One of the most memorable of the early television police dramas, M Squad bowed in 1957 and ran for three seasons on NBC.
There were many black-and-white crime dramas competing for viewers in the late fifties, most notably Dragnet, Arrest and Trial, and Checkmate. M Squad stands apart because of its unique combination of story, production values, musical score and great cast.
Lee Marvin starred as Lt. Frank Ballinger, a no-nonsense Chicago plainclothes cop in the elite M-Squad (“M” for Murder, of course) Division. The Squad's mission was to root out organized crime and corruption in the Windy City. Marvin's standout portrayal of a tough undercover officer gave him name recognition with the public, and did much to make him a star. He would go on to many memorable Hollywood roles (The Dirty Dozen, Emperor of the North, Cat Ballou) — and win an Oscar for Best Actor.
Frank Ballinger's boss, Captain Grey, was played by Paul Newlan, a fine actor who brought weight and substance to the role of M-Squad's leader in what was perhaps his most memorable career role.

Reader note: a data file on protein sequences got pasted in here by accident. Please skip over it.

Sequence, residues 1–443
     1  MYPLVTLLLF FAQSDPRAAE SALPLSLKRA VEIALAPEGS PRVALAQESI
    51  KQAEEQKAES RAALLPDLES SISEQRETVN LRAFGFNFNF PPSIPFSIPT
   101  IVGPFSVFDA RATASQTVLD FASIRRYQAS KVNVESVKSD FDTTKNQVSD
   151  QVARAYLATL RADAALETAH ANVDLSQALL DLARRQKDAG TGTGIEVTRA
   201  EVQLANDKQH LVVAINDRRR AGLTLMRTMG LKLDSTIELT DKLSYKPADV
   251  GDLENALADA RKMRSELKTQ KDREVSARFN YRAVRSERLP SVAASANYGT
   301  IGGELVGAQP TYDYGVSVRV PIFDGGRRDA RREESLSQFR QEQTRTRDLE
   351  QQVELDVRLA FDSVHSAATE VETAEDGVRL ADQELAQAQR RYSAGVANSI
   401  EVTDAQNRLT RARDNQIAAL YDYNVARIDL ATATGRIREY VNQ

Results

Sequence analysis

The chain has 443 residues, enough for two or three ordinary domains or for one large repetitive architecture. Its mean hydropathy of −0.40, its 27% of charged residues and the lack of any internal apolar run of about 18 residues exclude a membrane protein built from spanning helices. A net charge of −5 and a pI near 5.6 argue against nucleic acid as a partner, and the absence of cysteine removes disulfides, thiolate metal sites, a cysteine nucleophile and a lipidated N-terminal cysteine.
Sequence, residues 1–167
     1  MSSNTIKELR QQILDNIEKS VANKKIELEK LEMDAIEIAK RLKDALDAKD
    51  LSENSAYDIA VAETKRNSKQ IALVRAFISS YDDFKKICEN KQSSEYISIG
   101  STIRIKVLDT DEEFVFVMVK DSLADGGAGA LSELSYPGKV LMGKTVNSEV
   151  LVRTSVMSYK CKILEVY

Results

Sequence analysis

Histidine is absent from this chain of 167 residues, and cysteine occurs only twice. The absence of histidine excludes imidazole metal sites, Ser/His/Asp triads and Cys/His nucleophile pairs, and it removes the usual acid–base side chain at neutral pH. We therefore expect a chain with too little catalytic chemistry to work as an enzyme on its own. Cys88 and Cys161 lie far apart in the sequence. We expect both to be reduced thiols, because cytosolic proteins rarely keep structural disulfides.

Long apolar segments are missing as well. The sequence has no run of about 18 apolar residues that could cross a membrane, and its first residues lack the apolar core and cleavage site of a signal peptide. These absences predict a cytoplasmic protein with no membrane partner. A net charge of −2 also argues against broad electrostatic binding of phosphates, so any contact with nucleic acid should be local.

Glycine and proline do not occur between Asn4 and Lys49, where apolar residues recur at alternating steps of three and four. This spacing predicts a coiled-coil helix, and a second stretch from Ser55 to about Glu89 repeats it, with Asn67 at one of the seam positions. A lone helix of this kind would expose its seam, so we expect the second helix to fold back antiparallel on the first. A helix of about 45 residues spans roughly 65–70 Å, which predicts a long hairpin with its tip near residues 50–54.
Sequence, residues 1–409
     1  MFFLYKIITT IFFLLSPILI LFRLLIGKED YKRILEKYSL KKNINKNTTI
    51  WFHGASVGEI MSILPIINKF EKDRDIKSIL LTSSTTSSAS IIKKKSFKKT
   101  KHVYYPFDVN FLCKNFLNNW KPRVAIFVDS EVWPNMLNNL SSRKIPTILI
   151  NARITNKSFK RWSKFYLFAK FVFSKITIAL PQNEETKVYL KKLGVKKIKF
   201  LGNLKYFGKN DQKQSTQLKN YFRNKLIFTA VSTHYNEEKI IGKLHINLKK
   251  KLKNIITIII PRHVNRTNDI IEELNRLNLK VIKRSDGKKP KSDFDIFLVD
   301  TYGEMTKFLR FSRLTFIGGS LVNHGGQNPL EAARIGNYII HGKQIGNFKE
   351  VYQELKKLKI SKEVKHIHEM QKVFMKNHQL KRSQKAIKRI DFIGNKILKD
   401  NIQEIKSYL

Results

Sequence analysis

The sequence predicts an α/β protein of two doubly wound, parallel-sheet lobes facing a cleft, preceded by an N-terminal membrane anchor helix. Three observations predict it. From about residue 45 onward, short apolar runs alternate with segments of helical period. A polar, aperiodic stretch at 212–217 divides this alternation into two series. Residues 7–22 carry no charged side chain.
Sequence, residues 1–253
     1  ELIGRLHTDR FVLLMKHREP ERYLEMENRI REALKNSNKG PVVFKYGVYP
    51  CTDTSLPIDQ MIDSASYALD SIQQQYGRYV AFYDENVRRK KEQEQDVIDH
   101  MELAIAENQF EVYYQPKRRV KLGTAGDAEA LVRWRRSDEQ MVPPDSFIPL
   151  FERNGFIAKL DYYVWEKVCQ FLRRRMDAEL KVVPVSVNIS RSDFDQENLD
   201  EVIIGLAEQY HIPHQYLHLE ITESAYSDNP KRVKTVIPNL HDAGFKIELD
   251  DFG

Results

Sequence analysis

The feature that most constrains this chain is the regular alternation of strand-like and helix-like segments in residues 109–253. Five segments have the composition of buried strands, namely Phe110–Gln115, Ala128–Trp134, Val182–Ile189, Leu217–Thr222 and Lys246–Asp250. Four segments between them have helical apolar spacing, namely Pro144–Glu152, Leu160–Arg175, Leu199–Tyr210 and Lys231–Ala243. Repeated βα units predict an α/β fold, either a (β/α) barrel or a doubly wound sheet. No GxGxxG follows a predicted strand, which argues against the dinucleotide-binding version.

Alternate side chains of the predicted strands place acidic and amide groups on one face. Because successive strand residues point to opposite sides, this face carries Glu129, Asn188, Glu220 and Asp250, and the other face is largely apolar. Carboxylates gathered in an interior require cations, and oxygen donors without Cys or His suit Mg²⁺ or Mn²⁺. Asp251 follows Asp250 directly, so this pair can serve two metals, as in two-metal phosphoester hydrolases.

But it wasn't just the crisp, taut story lines and great cast that made M Squad a surpassingly good show.
It was shot in gritty, film noir style black and white. The excellent high contrast cinematography brought Chicago — with all its landmarks, swanky Lake Michigan penthouses, and seedy hideouts — to life.
Second was the musical score. In keeping with the film noir look of the series, the producers enlisted conductor Stanley Wilson to lead the orchestra in arrangements by legendary jazz men Benny Carter, and a young John Williams (Jaws, Star Wars, etc. etc. etc.). For the second season, the great jazz artist Count Basie wrote the enduring “M Squad Theme.”
The resulting television series was better than most when it came to its intensity and humanity. Marvin's hard-nosed Frank Ballinger remains a tough-guy-with-a-big-heart archetype. M Squad was that rare television series that had it all.